Gun Ban Upheld, Cites Feelings For Reason

scary-guns

In a specious argument against gun rights that should give every Second Amendment supporter pause for what it means for their right to keep and bear arms, the U.S. Seventh Circuit Court of Appeals ruled last week that a Chicago-area gun and magazine ban could stand because they “may increase the public’s sense of safety.”

The 2-1 decision by a three-judge panel to uphold the ban came in the case of Friedman v. Highland Park filed in 2013 that sought to overturn a city ordinance banning “assault weapons or large capacity magazines (those that can accept more than ten rounds).”

Highland Park, a Chicago suburb, hastily enacted a municipal ordinance regulating or banning the possession of “assault weapons” so the restrictions would be “grandfathered” before the state’s 2013 concealed carry law preempted home-rule authority to regulate firearms to effect.

According to the majority, “A ban on assault weapons won’t eliminate gun violence in Highland Park, but it may reduce overall dangerousness of crime that does occur ….”

In addition, the majority suggested that even if the ban’s intrusion on the Second Amendment right of law-abiding Americans to use firearms for hunting, shooting and self-defense, government could still justify the bans on the “sense of security” (feelings) of the public.

The majority wrote:

“[I]f it has no other effect”…”Highland Park’s ordinance may increase the public’s sense of safety. Mass shootings are rare, but they are highly salient, and people tend to overestimate the likelihood of salient events.”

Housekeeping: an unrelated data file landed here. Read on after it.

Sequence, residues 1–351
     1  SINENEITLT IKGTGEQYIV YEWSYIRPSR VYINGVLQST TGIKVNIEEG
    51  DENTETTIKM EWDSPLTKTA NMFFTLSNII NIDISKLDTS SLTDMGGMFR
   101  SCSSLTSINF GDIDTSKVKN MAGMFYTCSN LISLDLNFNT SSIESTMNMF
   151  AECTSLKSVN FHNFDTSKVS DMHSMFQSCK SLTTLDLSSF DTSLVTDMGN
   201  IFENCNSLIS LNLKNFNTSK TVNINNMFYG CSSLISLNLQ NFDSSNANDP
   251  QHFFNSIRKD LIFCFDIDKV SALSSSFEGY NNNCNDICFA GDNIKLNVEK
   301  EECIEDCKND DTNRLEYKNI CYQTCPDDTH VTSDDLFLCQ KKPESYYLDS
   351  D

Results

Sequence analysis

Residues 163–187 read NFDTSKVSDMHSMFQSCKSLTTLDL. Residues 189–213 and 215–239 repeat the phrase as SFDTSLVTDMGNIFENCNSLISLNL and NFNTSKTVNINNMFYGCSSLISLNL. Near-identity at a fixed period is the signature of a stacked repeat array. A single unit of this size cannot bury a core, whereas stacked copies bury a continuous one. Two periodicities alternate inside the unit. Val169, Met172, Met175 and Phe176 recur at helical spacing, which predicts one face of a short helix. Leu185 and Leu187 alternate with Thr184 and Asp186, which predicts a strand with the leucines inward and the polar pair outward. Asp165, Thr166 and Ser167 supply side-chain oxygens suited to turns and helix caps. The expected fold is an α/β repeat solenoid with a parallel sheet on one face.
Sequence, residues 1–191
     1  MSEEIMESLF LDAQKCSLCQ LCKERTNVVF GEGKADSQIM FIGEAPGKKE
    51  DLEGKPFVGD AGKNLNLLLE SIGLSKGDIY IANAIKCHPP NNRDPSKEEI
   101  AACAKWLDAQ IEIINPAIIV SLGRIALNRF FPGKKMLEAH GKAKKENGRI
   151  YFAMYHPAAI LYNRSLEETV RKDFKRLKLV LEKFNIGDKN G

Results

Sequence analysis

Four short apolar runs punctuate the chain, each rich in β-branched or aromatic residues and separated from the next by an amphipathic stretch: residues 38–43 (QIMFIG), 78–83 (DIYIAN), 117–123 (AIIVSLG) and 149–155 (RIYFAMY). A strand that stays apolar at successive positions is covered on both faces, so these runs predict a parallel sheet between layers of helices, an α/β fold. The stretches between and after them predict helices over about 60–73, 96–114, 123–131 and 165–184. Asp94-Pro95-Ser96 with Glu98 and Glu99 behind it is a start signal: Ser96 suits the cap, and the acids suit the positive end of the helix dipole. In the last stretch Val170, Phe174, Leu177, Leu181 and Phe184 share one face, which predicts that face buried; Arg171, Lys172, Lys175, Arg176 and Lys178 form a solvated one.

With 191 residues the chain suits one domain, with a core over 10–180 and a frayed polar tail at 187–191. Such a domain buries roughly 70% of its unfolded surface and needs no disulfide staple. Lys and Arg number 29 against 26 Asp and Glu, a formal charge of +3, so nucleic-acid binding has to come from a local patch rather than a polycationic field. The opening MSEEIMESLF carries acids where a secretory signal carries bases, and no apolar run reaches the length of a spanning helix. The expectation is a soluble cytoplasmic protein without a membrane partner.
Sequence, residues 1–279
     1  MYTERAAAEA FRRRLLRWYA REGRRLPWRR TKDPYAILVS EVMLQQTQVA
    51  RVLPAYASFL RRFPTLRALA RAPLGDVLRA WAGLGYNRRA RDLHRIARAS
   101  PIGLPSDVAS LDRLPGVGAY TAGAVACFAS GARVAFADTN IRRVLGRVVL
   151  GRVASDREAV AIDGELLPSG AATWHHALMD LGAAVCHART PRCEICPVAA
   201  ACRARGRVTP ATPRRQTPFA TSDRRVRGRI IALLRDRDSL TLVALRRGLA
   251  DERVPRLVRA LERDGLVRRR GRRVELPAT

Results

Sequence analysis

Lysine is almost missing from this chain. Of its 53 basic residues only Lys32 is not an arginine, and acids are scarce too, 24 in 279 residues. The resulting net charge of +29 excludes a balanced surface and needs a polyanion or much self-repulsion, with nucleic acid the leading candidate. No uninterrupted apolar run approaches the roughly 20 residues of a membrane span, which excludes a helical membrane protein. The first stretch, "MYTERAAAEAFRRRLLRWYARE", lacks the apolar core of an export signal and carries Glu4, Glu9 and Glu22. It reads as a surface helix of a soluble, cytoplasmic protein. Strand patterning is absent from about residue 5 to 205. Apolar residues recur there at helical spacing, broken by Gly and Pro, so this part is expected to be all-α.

“If a ban on semiautomatic guns and large-capacity magazines reduces the perceived risk from a mass shooting, and makes the public feel safer as a result, that’s a substantial benefit…”

This reasoning justified the bans even though the majority admitted that “assault weapons” can be beneficial for self-defense because they are lighter and more accurate than other firearms and can be more effective as defense weapons by householders.

Despite this observation, the majority tossed aside their logic and returned to the municipal interest in reducing the “perceived risk” that the public might feel about the possession of rifles and high capacity clips in private hands.

“If a ban on semiautomatic guns and large-capacity magazines reduces the perceived risk from a mass shooting, and makes the public feel safer as a result, that’s a substantial benefit…”

In his dissenting opinion, Judge Daniel Anthony Manion said the majority opinion was

“…at odds with the central holdings in Heller and McDonald: that the Second Amendment protects a personal right to keep arms for lawful purposes, most notably for self-defense within the home”…and that it is up to individuals to “make the ultimate decision for what constitutes the most effective means of defending one’s home, family, and property.”

Judge Manion added that when it comes to fundamental rights, “the government recognizes these rights; it does not confer them” and that the majority refused to recognize either the right at stake or Highland Park’s violation of it.